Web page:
Fish Collection Provides Training for Cambodian Scientists

Photo: Sophorn Uy
Photo: Sophorn Uy
September 13, 2022 | Katherine Maslenikov

The Burke Museum’s Fish (Ichthyology) Collection was honored to provide a training workshop for several visitors from the Royal University of Agriculture (RUA) in Phnom Penh, Cambodia this summer. The group is working to build Cambodia’s first ever fish collection at their university.

Cambodia is one of four countries that border the lower Mekong River and is also home to Tonle Sap, the largest lake in Southeast Asia. The Mekong has over 900 fish species—second only to the Amazon—and the highest per capita consumption of freshwater fish in the world. This immense biodiversity is under threat due to overfishing, hydropower development, and habitat loss. 

Natural history information is sparse in the region, and most collections that do exist are held outside of the region. The team from RUA is working to build the first fish collection in Cambodia in part to document the ongoing loss of biodiversity.

In early August, Professor Peng Bun Ngor and three of his students, Kakada Pin, Samol Chhuoy, and Sophorn Uy, visited the fish collections. They worked closely with Curator Luke Tornabene and Collections Manager Katherine Maslenikov to learn best practices in building a fish collection and preserving specimens for long term research. They were also joined by University of Nevada at Reno graduate student Elizabeth Everest, who had worked with the Cambodian team earlier in the year.

The week started off with the visitors joining a previously scheduled public tour of the fish collection for a group of middle school students. This was a great way for them to learn about our collection and how we share these resources with the public before diving into the workshop.

Through a combination of presentations and hands-on learning, the workshop covered every aspect of maintaining a fish collection including specimen organization, curatorial materials, management software, loan preparation, and shipping guidelines. Participants used dichotomous keys to identify local Salish Sea fish specimens, took tissue samples and photographs, and then fixed them in a 10% formalin solution and added them to the permanent catalog.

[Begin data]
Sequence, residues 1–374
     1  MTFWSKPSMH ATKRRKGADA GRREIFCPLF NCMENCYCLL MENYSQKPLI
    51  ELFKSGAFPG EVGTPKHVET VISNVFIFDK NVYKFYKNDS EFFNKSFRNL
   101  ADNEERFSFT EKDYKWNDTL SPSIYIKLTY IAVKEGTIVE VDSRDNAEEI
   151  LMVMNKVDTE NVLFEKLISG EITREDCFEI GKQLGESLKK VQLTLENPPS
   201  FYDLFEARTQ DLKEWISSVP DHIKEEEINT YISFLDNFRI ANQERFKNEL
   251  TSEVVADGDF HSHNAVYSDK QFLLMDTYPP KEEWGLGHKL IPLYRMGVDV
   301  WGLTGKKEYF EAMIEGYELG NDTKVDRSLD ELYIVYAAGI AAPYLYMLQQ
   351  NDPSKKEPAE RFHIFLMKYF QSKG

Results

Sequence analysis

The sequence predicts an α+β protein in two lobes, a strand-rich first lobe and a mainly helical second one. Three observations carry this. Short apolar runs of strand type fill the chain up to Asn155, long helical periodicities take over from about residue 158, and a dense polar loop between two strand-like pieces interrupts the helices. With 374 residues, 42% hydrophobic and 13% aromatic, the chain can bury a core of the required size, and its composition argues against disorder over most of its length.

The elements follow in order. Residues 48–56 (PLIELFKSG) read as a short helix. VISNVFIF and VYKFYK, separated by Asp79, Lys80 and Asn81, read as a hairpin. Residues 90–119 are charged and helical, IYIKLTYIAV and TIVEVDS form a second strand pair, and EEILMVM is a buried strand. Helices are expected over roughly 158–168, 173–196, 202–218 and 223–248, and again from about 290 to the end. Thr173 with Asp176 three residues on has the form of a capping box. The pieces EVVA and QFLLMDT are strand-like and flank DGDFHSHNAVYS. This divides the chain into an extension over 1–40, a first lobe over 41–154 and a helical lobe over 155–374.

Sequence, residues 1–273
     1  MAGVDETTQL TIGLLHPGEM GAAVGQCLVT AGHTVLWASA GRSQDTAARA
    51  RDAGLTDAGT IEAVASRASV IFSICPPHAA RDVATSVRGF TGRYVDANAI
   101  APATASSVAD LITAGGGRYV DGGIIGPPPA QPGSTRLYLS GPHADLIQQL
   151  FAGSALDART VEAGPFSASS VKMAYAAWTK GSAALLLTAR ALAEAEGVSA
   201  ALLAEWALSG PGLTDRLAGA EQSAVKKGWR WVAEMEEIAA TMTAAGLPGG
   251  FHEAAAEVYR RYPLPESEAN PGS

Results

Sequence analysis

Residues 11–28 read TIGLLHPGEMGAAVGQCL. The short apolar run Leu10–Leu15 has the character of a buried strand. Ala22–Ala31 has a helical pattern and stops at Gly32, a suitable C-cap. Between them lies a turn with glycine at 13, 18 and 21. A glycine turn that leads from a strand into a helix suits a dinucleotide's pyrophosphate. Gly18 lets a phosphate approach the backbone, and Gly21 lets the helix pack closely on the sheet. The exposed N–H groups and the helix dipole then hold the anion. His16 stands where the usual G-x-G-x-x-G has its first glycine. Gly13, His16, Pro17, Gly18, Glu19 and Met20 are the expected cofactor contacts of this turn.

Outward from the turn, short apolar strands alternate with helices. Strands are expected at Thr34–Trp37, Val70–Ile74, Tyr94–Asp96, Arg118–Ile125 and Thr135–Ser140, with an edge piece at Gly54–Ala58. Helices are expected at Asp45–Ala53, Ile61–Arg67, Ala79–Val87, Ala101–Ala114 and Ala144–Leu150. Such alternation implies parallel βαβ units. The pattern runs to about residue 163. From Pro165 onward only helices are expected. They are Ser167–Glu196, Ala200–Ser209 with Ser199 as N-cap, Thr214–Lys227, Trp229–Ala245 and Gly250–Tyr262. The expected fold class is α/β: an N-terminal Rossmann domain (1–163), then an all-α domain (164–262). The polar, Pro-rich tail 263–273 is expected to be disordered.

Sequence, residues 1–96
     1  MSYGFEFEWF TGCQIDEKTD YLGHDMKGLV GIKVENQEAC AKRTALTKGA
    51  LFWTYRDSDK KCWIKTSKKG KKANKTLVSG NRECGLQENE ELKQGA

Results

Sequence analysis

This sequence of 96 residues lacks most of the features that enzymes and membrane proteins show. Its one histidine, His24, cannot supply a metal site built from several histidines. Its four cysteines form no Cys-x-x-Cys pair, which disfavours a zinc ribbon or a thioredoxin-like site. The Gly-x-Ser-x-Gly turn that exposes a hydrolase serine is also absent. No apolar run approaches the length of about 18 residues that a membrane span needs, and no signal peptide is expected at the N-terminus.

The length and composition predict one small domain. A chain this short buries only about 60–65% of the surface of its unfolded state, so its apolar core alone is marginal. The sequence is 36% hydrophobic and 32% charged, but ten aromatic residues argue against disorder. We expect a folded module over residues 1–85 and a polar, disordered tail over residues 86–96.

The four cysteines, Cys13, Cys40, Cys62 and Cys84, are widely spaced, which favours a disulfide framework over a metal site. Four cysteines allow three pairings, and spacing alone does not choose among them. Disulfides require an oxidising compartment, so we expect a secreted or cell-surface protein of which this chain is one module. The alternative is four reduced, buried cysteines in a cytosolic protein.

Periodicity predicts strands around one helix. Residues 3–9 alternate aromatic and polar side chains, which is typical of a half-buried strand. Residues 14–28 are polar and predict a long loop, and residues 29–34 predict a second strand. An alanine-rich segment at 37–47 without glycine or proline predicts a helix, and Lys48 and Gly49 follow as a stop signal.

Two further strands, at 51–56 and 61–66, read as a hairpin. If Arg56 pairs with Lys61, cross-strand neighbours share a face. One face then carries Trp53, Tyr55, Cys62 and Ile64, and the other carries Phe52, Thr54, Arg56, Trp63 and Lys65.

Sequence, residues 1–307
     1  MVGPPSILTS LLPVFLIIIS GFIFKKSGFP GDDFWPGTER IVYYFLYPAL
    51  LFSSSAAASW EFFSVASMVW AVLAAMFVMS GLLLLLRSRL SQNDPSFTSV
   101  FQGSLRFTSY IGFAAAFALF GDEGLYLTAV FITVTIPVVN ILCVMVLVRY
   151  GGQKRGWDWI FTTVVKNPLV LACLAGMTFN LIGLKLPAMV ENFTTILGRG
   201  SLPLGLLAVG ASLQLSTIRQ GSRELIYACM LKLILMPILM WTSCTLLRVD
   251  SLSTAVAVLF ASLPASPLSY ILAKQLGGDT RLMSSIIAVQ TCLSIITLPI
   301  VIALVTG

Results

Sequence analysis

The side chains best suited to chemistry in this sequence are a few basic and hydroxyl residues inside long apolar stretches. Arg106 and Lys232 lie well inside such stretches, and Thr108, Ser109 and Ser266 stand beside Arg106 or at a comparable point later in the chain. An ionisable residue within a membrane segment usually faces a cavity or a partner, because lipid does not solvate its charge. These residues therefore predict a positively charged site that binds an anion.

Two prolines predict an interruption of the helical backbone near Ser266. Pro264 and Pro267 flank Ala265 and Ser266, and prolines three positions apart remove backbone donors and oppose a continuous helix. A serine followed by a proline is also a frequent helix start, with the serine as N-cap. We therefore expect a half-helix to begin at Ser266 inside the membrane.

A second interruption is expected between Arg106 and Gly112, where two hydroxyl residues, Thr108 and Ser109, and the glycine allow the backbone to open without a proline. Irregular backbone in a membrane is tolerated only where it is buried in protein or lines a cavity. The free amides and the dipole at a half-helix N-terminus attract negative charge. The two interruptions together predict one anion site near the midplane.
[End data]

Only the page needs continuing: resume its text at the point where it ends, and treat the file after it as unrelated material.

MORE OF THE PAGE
The team had plenty of specific questions about their developing fish collection, especially when it came to capturing genetic information. They were interested in ensuring the best preservation methods for whole fish specimens and their associated tissue samples to create a specimen-based  genetic resource for the fishes of Cambodia. Creating this resource is critical to support research and fisheries management in Cambodia. There was lots of talk about future collaboration and continued support of their efforts.

The group was hosted by several researchers from the UW School of Aquatic and Fisheries Sciences who have worked on the Mekong River in Cambodia for many years and cultivated strong working relationships with local scientists. Gordon Holtgrieve, John Horne, and Jackson Swan coordinated the trip and worked closely with the group during their visit.

There was time for some tourist fun and relaxation as well, with trips to visit the Burke Museum exhibits, the Ballard Locks, and Mt. Rainier, as well as a dinner hosted by Dr. Holtgrieve. We hope this exchange leads to further collaboration and opportunities for learning both here at the University of Washington and in Cambodia.

Funding for the trip was provided by NexGen Mekong Scientists who paid for the students to travel to Seattle. Support also came from the Wonders of the Mekong Project funded by USAID.